Confocal Microscopy - Basic Concepts
For more detailed information about confocal or any other kind of
microscopy, check out some of the excellent
online resources available.
Fluorescence microscopy is a wonderful tool, especially combined with specific antibodies or fluorescent protein constructs, but it does have its limitations. One of the biggest problems with fluorescence microscopy is that samples thicker than a few microns are very hard to focus. This is because light from above and below the focal plane
is also visible and it interferes with the in-focus light. One way to get around this is to cut the sample into very thin sections, so that the all the visible light is coming from the focal plane. Another solution is to take optical sections. This is where the sample is left intact but the out-of-focus light is eliminated. This approach is employed in confocal microscopy.
First of all, the sample needs to be made visible with the use of fluorophores, or fluorescent tags. These are molecules that can be excited by a specific wavelength of light and then emit light at a different, longer, wavelength. For examples of some different fluorophores and their excitation and emission spectra, have a look at this online tool from Molecular Probes.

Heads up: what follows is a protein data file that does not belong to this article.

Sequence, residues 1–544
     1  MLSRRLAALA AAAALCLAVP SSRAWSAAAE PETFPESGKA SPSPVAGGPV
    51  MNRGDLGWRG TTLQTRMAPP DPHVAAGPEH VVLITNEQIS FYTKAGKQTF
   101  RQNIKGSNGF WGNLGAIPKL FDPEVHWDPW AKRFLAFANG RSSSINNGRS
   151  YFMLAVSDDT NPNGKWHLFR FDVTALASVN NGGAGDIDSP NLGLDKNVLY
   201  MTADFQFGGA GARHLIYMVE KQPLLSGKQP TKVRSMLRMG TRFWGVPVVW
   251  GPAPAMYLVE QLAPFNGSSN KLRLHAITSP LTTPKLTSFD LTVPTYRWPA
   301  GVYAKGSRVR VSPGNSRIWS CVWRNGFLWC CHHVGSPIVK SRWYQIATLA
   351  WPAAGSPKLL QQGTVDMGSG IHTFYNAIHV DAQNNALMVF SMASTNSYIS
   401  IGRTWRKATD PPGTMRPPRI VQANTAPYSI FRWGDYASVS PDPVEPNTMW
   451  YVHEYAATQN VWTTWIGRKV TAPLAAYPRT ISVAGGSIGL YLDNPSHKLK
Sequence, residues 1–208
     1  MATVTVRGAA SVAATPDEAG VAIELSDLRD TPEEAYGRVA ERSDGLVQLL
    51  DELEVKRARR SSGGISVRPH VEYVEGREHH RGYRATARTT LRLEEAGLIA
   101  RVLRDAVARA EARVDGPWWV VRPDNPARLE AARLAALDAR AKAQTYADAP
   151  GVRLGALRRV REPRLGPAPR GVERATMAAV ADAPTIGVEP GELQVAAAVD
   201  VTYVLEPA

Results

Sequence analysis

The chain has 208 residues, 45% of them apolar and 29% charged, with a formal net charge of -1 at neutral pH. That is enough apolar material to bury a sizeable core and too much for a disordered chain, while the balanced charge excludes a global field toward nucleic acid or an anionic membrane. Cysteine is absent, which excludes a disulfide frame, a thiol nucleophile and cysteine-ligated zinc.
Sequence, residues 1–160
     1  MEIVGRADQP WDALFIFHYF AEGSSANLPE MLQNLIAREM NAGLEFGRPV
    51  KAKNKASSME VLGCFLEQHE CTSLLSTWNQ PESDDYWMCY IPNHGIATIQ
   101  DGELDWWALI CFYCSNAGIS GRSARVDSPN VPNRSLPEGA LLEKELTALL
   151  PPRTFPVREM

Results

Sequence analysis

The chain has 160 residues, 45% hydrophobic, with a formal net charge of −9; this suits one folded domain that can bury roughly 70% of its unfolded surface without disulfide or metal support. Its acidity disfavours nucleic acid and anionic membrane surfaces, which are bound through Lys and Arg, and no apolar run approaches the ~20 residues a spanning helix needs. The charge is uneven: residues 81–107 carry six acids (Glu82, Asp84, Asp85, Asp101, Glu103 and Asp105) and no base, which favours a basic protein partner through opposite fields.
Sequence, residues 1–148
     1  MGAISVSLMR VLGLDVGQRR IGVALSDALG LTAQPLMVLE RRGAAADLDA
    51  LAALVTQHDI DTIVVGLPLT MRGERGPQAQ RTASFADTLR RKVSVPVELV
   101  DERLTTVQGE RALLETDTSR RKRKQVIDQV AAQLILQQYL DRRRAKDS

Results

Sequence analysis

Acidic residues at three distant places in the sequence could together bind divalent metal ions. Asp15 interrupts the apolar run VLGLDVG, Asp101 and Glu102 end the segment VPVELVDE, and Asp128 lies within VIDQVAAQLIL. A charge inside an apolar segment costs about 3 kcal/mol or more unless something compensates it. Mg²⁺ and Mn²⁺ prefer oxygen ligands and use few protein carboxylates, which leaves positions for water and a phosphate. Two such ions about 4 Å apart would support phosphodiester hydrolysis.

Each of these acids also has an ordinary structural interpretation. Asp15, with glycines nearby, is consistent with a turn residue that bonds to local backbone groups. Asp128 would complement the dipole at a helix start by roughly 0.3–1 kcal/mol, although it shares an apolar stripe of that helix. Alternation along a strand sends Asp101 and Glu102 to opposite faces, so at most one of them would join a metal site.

Very specific wavelengths of light can be used to excite the fluorophore by using a laser. This means that you will only see fluorescence from molecules that are excited by that wavelength, and not others that are excited by other similar
wavelengths. The laser is also highly focused, so less of the sample is being bathed in light and emitting fluorescence. Both of these help to eliminate the amount of interfering fluorescence. To reduce the glare from unfocussed light even more, confocals have a pinhole, which restricts the light from the sample that reaches the detector. The smaller the pinhole is, the less light gets through and the more precise is the focal plane. A larger pinhole provides a brighter image but it is gathered from thicker portion of the sample, which means some of it will be out of focus.
By collecting a series of optical sections, the sample can be
reconstructed in 3D - this is called a projection. A projection can be
used to show the full depth of the sample in clear focus, and it can be
rotated to show the spatial relationship between points that sit on top
of one another when viewed from the top.
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Imagine you are looking at a hollow fluorescent
With normal fluorescence microscopy,
out-of-focus as well as in-focus light will be visible, giving the
image a blurred appearance.